#blackbears in #GSMNP
WELL-CAMOUFLAGED FEMALE BLACK BEAR IN GREAT SMOKY MOUNTAINS NATIONAL PARK. HER TWO CUBS WERE IN THE BUSHES UP THE MOUNTAINSIDE.

If the car in front of us hadn’t stopped, we might have driven right by this mother bear and her two cubs. The mother was down in a ditch. After a couple of minutes, her two cubs came running down the hill. It was difficult to get good pictures due to the trees and undergrowth.


November 2016 Fire Damage

One of the iconic places in the park is Chimney Tops. I was sad to see that the late November 2016 wildfires had engulfed this double-peaked mountain in Swain County, North Carolina. The “up side” is that today the granite folds and rough edges of Chimney Tops are visible because the trees on the mountain were destroyed in the fires.

Here, I compare the photographs I took in September 2019 with a 1936 real photograph postcard I used in my vintage postcard book:

Chimney Tops in Great Smoky Mountains National Park
Picture of a 1936 real photograph postcard of “Newfound Gap Highway” and “Chimney Tops.”
#ChimneyTops #Wildfire damage from 2016 as photographed in 2019
Chimney Tops in Great Smoky Mountains National Park in September 2019, still recovering from 2016 wildfires.
Mountainside vegetation burned off this mountain in 2016 #wildfires.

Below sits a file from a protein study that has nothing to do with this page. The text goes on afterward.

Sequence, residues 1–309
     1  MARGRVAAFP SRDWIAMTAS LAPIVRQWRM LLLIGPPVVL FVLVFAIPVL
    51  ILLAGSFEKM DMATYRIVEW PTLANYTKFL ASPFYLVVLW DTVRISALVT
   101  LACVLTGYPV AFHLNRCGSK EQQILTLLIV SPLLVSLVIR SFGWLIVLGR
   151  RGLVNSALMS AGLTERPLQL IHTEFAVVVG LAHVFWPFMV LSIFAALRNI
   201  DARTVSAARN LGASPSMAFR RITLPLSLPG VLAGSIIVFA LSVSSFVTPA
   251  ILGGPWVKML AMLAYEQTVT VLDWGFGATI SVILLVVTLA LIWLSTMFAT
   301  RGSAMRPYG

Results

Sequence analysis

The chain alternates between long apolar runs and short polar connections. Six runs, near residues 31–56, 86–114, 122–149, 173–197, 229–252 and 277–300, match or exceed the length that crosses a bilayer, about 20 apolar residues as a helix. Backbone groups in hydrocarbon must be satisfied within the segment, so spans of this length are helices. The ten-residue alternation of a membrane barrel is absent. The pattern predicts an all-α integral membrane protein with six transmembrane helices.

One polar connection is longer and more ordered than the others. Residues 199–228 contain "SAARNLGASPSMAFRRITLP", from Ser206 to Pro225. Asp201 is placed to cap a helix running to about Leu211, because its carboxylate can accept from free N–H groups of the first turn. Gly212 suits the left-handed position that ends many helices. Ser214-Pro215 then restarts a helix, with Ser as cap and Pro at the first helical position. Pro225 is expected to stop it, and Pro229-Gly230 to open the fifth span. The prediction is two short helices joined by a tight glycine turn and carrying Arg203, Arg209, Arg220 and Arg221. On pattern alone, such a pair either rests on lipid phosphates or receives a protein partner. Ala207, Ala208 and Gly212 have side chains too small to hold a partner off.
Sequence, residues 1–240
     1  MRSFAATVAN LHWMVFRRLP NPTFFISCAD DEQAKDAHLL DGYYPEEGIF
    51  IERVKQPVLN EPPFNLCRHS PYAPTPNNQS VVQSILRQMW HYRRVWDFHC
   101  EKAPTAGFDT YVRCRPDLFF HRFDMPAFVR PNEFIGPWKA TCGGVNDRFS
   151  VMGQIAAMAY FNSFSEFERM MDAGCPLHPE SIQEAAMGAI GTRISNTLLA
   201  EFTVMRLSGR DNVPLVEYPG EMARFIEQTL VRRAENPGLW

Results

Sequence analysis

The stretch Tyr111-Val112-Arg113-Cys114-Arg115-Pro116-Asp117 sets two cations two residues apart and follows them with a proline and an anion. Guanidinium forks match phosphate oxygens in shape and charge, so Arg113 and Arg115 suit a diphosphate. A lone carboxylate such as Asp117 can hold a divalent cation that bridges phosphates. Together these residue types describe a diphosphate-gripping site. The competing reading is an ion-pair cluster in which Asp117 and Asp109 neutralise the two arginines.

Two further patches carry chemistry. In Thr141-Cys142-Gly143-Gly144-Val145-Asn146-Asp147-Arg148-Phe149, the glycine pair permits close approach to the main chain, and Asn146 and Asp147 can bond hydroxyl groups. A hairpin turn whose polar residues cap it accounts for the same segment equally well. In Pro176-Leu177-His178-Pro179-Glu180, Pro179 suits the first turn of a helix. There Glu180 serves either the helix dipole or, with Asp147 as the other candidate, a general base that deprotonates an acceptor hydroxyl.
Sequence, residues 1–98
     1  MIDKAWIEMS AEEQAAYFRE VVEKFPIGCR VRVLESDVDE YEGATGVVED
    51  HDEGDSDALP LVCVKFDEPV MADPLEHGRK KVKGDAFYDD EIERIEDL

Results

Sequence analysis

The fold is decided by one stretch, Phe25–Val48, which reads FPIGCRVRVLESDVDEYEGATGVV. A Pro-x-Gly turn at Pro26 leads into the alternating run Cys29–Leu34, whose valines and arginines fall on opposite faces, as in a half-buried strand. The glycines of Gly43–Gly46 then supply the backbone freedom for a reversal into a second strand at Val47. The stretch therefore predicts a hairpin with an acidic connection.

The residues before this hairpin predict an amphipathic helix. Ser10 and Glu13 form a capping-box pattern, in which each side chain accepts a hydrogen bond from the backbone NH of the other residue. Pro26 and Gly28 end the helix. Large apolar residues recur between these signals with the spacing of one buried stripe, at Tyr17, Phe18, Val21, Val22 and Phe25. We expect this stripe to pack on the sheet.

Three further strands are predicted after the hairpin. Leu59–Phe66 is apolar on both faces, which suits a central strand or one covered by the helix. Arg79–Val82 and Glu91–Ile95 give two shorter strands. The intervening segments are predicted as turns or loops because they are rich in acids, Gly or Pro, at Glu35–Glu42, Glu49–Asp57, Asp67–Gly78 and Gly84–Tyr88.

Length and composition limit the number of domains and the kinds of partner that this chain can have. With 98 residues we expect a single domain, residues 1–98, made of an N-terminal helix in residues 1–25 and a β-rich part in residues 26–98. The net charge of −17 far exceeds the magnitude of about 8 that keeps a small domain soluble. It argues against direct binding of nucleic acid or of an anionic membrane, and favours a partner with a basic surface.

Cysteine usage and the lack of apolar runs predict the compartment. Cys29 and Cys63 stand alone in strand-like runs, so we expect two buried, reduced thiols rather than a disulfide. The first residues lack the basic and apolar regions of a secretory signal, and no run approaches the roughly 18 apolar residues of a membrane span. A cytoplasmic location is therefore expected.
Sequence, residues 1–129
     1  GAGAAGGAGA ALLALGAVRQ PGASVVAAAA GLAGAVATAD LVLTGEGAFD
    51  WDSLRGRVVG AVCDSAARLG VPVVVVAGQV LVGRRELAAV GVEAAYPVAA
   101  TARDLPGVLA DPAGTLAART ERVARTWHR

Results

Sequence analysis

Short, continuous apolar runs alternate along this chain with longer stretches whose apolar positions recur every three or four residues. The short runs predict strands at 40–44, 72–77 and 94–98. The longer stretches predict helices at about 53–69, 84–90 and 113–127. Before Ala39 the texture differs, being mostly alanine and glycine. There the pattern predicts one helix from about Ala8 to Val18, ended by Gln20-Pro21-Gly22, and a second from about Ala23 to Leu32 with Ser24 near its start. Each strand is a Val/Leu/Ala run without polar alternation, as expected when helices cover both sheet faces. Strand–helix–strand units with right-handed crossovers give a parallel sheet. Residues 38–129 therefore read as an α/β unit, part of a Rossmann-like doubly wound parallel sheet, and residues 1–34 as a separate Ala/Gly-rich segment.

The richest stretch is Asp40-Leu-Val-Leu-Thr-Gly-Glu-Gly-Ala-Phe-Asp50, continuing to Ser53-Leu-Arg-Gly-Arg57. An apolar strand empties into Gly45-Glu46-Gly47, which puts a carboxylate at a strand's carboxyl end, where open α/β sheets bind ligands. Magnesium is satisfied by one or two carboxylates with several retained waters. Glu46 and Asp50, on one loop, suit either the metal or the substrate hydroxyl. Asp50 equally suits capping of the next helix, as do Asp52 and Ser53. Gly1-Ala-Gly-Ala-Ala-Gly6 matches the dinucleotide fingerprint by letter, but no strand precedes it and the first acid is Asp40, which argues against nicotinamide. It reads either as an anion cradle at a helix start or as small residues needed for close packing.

This mountainside, scarred by the 2016 wildfires, now shows off the rough, rocky folds that trees hid before the fires.
Evidence of more 2016 fire damage in Great Smoky Mountains National Park.

Clouds in a Valley

Valley #cloud in #GSMNP
Cloud in a valley in Great Smoky Mountains National Park on September 15, 2019.

We were in the right place at the right time for this photo of white clouds down in a valley in the park.


Why are they called the Great Smoky Mountains?

As I stated in my book, “The Great Smoky Mountains are called “smoky” due to the fog that rises from the valleys and mountainsides.”

These mountains were suffering under drought conditions when I visited the park in September 2019. August, September, and early October were very dry. My sister and I couldn’t help but notice there was very little of the typical wisps of fog when we were there a month ago. In fact, we only saw a little of it on our last day in the park. Here’s a photograph I took, but it isn’t a good representation of the multitude of wisps of fog that gave this sub-range of the Appalachian Mountains their name.

How the Great Smoky Mountains got their name.
A fair, but not great, example of how the Great Smoky Mountains got their name. Photo taken in September 2019.

Summary

I hope you can hear the babbling brooks and smell the wildflowers of Great Smoky Mountains National Park sometime. It is truly a national treasure. In fact, it is a global treasure. I’m fortunate to live just a few hours from this national park.

Great Smoky Mountains National Park was designated a World Heritage Site in 1983.
We owe a debt of gratitude to the men who served in the Civilian Conservation Corps and helped build Great Smoky Mountains National Park.